In sum, the missions of the Army’s two reserve components must be adjusted to post-Cold-War realities as must the missions of the active component. The importance of these citizen-soldiers in linking an increasingly professional force to the mainstream of American society has never been greater, and the failure to make the necessary adjustments to their mission has jeopardized those links. The Army National Guard should retain its traditional role as a hedge against the need for a larger-than-anticipated force in combat; indeed, it may play a larger role in U.S. war-planning than heretofore. It should not be used primarily to provide combat service support to active Army units engaged in current operations. A return to its traditional role would allow for a further modest strength reduction in the Army National Guard. Such a move would also lessen the strain of repeated deployments in contingency operations, which is jeopardizing the model of the part-time soldier upon which Guard is premised. Similarly, the Army Reserve should retain its traditional role as a federal force, a supplement to the active force, but demands for individual augmentees for contingency operations reduced through improvements to active Army operations and deployments, organizations, and even added personnel strength. In the event that American forces become embroiled in two large-scale wars at once, or nearly at once, Army reserve components may provide the edge for decisive operations. Such a capability is a cornerstone of U.S. military strategy, not to be frittered away in ongoing contingency operations.
A second mission for Army units based in the United States is to respond to unanticipated contingencies. With more forward-based units deployed along an expanded American security perimeter around the globe, these unforeseen crises should be less debilitating. Units like the 82nd and 101st Airborne divisions and the Army’s two light infantry divisions, as well as the small elements of the 3rd Mechanized Infantry Division, that are kept on high alert, will continue to provide these needed capabilities. So will Army special operations units such as the 75th Ranger Regiment. Moreover, the creation of middle-weight, independent units will begin the process of transforming the Army for future contingency needs. As the transformation process matures, a wider variety of Army units will be suitable for unanticipated contingency operations.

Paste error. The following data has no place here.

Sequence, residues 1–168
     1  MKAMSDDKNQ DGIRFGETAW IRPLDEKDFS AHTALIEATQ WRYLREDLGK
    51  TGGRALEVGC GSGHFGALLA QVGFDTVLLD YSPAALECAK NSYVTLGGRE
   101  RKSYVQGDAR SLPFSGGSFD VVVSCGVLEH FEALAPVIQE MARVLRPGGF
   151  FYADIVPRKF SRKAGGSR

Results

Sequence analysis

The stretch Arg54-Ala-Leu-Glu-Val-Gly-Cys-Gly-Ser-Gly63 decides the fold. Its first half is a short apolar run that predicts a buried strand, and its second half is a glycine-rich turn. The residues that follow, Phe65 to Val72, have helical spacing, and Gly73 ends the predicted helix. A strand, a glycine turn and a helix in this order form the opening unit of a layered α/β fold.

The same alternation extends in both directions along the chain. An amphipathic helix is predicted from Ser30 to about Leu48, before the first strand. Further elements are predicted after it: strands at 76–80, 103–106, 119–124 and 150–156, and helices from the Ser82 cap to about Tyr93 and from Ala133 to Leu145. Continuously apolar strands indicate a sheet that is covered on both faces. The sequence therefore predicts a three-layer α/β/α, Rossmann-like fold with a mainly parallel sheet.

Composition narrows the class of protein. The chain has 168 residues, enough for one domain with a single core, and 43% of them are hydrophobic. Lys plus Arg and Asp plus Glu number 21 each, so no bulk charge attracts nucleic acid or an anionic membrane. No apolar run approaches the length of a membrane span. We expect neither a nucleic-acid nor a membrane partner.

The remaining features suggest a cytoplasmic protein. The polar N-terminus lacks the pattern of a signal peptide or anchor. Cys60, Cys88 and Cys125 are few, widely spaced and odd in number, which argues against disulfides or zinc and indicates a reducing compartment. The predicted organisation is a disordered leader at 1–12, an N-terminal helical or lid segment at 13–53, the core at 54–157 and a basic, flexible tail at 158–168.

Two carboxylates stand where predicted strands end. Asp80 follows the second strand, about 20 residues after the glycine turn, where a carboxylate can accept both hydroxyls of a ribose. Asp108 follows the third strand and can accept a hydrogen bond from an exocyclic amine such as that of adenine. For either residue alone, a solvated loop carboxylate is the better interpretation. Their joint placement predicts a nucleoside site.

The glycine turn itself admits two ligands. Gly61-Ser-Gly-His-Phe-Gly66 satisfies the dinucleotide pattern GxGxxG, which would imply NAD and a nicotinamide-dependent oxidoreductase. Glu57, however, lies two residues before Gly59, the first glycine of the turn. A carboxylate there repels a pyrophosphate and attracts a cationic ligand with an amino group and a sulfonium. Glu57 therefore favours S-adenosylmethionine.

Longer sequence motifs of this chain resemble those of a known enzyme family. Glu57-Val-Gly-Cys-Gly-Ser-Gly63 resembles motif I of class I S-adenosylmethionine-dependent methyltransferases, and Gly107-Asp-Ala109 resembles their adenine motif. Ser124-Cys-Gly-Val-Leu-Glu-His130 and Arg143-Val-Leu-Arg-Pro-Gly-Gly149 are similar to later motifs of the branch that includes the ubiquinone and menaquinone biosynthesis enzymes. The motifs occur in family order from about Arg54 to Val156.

American military presence abroad draws heavily on ground forces and the Army, which is the service best suited to these long-term missions. In the post-Cold- War environment, these forward-based forces are, in essence, conducting reconnaissance and security missions. The units involved are required to maintain peace and stability in the regions they patrol, provide early warning of imminent crises, and to shape the early stages of any conflict that might occur while additional forces are deployed from the United States or elsewhere. By virtue of this mission, these units should be self-contained, combinedarms units with a wide variety of capabilities, able to operate over long distances, with sophisticated means of communication and access to high levels of U.S. intelligence. Currently, most forwardbased Army units do not meet this description.
Such requirements suggest that such units should be approximately brigade or regimental-sized formations, perhaps 5,000 strong. They will need sufficient personnel strength to be able to conduct sustained traditional infantry missions, but with the mobility to operate over extended areas. They must have enough direct firepower to dominate their immediate tactical situation, and suitable fire support to prevent such relatively small and independent units from being overrun. However, the need for fire support need not entail large amounts of integral artillery or other forms of supporting firepower. While some artillery will prove necessary, a substantial part of the fire support should come from Army attack aviation and deeper fixed-wing interdiction. The combination of overwhelming superiority in direct-fire engagements, typified by the performance of the Bradley fighting vehicle and M1 Abrams tank in the Gulf War (and indeed, in the performance of the Marines’ Light Armored Vehicle), as well as the improved accuracy and lethality of artillery fires, plus the capabilities of U.S. strike aircraft, will provide such units with a very substantial combat capability.